Alleged UDA commander remanded as police probe Shankill battalion

The West Belfast 2nd Battalion C Company UDA has a pernicious and pervasive impact on the lower Shankill the court was told
The West Belfast 2nd Battalion C Company UDA has a pernicious and pervasive impact on the lower Shankill the court was told

Nearly 30 suspected members of a loyalist paramilitary unit involved in drugs, punishment beatings and loan sharking are under police investigation, a court has heard.

With two of them said to be on-the-run, the scale of the probe emerged as a man accused of being operational commander of the UDA in Belfast’s Shankill area was remanded in custody.

David Coleman appeared before the city’s magistrates’ court charged with membership of a proscribed organisation between June 14 and October 18.

The 32-year-old, of Hopewell Crescent in Belfast, was arrested by detectives from the PSNI’s Paramilitary Crime Taskforce.

Fourteen searches were carried out at locations in the city, Holywood and Portadown.

Three other men detained in the operation were released pending reports being sent to the Public Prosecution Service.

Amid heavy security Coleman entered the dock, smiling at associates gathered in the public gallery.

A detective sergeant set out objections to bail based on his alleged high-ranking membership of the terror grouping based in the lower Shankill district.

“He’s the overall second in command of West Belfast 2nd Battalion, C Company UDA,” the officer claimed.

“As well as that role (police believe) he’s the operational or military commander for the UDA in that area of the Shankill.”

District Judge Fiona Bagnall was told paramilitary crime has had a “pernicious, pervasive” impact on local communities.

The UDA has been heavily involved in punishment beatings, drug dealing and loan sharking as it preys on the vulnerable, the court heard, with the Shankill area particularly affected.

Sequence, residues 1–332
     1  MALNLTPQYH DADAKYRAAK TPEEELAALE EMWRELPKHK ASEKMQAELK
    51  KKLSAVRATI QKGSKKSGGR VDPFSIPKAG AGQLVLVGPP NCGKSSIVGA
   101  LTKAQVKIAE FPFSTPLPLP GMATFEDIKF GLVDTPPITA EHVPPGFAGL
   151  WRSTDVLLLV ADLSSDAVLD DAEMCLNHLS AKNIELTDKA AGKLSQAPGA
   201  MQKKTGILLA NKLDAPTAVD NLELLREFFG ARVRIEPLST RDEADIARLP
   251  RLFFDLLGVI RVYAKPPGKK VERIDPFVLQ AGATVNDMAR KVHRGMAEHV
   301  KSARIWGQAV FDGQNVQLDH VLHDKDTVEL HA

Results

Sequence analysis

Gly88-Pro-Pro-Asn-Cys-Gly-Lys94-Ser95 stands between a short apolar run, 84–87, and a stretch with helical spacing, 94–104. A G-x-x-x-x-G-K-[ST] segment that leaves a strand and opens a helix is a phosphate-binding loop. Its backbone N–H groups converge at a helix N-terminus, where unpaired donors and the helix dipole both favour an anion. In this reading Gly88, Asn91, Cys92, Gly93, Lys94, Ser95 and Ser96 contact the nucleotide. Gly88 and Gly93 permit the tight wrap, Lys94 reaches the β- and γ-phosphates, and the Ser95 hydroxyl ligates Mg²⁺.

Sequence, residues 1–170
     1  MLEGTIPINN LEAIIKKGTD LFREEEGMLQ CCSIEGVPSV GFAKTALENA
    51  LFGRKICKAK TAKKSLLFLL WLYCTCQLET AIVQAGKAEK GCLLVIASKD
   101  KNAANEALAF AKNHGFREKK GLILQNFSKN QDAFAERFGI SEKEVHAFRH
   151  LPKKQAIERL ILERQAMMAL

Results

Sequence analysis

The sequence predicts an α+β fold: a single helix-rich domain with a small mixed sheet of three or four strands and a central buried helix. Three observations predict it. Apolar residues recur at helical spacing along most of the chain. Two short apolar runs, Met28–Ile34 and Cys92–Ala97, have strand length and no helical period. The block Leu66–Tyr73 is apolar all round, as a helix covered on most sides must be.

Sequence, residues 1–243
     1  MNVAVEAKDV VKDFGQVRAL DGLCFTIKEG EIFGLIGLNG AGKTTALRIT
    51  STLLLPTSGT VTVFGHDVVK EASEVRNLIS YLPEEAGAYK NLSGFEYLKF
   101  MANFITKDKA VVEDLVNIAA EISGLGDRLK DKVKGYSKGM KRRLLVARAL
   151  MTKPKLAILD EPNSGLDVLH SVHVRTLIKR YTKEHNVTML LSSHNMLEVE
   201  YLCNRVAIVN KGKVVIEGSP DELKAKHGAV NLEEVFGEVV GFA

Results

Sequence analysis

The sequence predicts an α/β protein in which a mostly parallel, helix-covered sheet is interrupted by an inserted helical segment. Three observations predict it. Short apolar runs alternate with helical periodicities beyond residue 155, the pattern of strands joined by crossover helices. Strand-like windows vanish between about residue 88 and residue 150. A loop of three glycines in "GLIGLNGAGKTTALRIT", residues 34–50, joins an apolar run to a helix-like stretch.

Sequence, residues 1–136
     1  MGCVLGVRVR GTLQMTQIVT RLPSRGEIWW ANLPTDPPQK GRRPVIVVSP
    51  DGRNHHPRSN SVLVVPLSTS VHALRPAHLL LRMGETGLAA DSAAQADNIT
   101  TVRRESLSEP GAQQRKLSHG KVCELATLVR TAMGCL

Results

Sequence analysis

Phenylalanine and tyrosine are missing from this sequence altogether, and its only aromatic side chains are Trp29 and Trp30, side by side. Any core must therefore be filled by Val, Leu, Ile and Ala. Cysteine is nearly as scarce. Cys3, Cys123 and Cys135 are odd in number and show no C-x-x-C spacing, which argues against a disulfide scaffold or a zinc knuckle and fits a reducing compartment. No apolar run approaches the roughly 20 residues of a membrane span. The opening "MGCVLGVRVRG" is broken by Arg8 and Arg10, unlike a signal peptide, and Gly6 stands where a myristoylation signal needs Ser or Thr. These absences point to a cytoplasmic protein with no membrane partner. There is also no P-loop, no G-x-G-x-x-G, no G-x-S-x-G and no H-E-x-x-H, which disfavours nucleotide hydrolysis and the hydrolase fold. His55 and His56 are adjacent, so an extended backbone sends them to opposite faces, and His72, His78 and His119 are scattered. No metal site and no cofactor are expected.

According to the detective Coleman’s alleged role in controlling its illegal activities is based on mobile phone evidence.

Claiming the accused could obstruct the course of justice if released, he described the C Company battalion as a sophisticated organised crime gang.

“It is believed to have at least 27 members, all subject to an ongoing live investigation,” he said.

“Five have been reported and police are seeking two other members, they are (effectively) on-the-run at this time.”

The court was told how the wider searches recovered a holster and ammunition.

But it was claimed Coleman could frustrate efforts to locate a gun and significant quantities of drugs still believed to be out there.

Further opposition to his release centred on an alleged access to money which could aid any attempt to abscond.

The detective revealed that Coleman had a cash-counting machine in his house.

He confirmed the accused had been adamant in denying membership throughout interviews, replying when charged: “Absolutely not, I don’t belong to nothing.”

A defence solicitor argued that the case against his client was “vague and speculative”.

“There’s no direct evidence of membership,” he insisted.

But refusing bail, Judge Bagnall cited the risks of reoffending and obstructing the course of justice.

She remanded Coleman in custody to appear again by video-link on November 16.